I know some of our CMLE members are already circulating games in your libraries; and it’s a topic brought up fairly often when we are talking about materials and services to reach out to communities.
Games are great, and very engaging ways to encourage patrons to come to the library! They can be somewhat troublesome to circulate, as everyone wants to be sure they have the materials to share with the next patron – and small pieces or cards can be easy to lose. You can usually buy replacements for missing parts to games, but it is another step to consider when you are including them in your collection development plan.
There were some ideas being shared online about circulating games, so we are sharing them here, to help you think about your own circ policies!
We started a circulating game collection in July and it’s been a great success.The games are all weighed both before and after circulating and if there’s any weight loss, we then have a volunteer count the pieces. We have an inventory sheet on the box top that helps us keep track of the pieces. We circulate the games for seven days. Folks can place holds and renew the games. We have almost 60 games, half of them are for ages 8 and below, the rest are for older kids and families.
Our board game collection is only six or so months old, but our customers love it and I’ve just ordered about 20 new games to circulate. I’ve pasted our guidelines below. We’re a small system with only three branches, so it’s easy for us to keep all the games at one location. So far I’ve been able to replace/recreate all the pieces that have gone lost (cardboard, glue sticks, and a color printer are your friends!), so haven’t had to charge anyone for damages.
BOARD GAME COLLECTION GUIDELINES
· Loan period: 3 weeks
· Renewals permitted as long as there are no holds
· Holds permitted
· Fines for late return: $1.00 per day
· Patron may not have more than two (2) board games checked out at a time
· Board games will not be sent through the delivery and must be picked up at the Main Library
· Board games are housed in the Children’s Department
· Board games must be checked in and out at the Children’s Reference Desk
· Staff members will check for parts as games check in and out
· Board games that have been placed on hold will be kept behind the Children’s Reference Desk
· Circulating board games may be used in the library, but they must first be checked out on a valid library card
· The customer who checked out the game is responsible for the game and will be held to the same rules as the customer who brings the game home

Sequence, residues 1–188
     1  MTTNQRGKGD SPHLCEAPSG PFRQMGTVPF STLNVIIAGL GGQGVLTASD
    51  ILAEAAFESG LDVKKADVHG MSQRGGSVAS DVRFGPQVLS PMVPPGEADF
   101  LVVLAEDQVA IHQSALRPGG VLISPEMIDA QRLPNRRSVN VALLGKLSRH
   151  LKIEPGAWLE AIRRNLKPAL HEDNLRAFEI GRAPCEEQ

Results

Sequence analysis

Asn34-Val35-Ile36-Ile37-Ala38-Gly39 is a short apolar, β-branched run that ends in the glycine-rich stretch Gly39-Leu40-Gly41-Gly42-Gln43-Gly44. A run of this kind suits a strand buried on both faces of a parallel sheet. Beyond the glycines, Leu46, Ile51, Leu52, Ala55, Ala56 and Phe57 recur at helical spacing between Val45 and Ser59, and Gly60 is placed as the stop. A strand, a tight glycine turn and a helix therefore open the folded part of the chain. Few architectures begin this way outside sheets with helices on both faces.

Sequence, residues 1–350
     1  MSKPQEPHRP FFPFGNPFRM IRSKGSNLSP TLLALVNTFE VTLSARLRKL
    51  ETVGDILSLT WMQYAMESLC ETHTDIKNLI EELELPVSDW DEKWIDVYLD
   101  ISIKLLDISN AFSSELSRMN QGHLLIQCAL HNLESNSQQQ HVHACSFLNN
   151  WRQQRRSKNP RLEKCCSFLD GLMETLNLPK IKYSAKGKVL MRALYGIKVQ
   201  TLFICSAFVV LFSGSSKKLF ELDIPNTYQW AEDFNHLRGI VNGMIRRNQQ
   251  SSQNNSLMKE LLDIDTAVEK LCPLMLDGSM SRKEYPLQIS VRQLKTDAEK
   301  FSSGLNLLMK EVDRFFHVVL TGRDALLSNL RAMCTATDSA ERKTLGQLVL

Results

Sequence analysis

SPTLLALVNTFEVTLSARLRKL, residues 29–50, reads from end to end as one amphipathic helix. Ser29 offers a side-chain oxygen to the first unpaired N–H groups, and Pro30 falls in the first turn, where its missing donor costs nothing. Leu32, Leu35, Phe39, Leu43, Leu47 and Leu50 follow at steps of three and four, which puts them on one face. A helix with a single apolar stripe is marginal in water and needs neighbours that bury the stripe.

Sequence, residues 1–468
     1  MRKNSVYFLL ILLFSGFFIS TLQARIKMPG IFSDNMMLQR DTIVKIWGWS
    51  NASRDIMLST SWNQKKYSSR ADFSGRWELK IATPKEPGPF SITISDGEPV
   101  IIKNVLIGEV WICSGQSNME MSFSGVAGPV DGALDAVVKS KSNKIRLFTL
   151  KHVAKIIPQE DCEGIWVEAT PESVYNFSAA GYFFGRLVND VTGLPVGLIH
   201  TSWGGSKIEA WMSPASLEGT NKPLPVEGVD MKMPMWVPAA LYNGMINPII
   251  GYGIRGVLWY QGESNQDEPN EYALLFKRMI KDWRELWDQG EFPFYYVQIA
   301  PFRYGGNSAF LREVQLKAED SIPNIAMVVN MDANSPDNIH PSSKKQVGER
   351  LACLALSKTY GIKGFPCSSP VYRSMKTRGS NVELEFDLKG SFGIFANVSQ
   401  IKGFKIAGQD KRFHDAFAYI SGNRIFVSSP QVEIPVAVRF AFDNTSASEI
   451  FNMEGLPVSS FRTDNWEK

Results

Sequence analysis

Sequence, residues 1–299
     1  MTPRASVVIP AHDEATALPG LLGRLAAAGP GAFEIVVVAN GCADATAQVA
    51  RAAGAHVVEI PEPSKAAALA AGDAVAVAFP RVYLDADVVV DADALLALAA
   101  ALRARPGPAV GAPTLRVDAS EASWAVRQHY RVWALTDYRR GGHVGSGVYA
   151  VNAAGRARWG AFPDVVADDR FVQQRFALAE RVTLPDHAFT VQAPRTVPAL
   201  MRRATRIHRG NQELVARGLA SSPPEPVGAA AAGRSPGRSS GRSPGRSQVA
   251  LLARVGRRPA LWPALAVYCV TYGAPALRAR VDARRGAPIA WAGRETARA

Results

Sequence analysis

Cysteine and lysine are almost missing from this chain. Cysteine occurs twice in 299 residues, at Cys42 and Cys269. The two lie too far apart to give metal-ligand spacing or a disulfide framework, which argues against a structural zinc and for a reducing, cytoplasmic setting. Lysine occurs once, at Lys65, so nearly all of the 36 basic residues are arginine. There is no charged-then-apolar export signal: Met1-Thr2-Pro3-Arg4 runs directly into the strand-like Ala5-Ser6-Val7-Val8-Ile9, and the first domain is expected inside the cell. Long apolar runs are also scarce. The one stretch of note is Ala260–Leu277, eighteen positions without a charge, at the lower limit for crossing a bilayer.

· The game must be returned to the Children’s Department and checked in by a staff member
· Games that are returned damaged or missing vital game components will be charged the full value of the game plus a $5.00 processing fee
· Replacement games may not be provided in lieu of lost/damaged fee
We make photocopies of the rules so we still have those should they get lost. As for inventory on pieces, we have a list taped to the boxes/bags they come in stating how many of what pieces should be present. The list is also a pop-up message when the item is checked out/in. We have people count everything before it gets checked out and when it comes back (and if I have a volunteer who needs something to do, I have them go through them all regularly, just because we allow them to be used in-house). If parts are missing, how we deal with it depends on the game. We usually just let it go if the piece isn’t really necessary (they lost a card from Uno). If the piece is necessary, we first have them try to order replacement pieces (some of the gaming companies will do that). If that still doesn’t work, we end up charging them for the whole game–if we can’t play the game anymore because of the missing piece, we can’t circulate it anymore.
I think the most unforeseen issue we’ve really had is boards from board games. They don’t hold up all that well. Those ones we haven’t charged for after they finally kick it, since it’s not the patron’s fault. Larger folding boards have this problem. Others have been tape-able. Also, it’s time-consuming to count everything. Some of these games end up with 100 cards, 40 plastic tokens, etc.
- They can be checked out by library staff in our branches to be used for programming and then to outside organization that have an agency card. They cannot be checked out to patrons on their personal library card. So they will have limited public and, in theory, supervised use.
Does your library circ games?? What kind of policies have you created? (Note: remember that CMLE is always available to help you create policies and procedures for your library!) What games have you added? What do your patrons like? Are you measuring or evaluating the response??
Share your ideas in the comments below!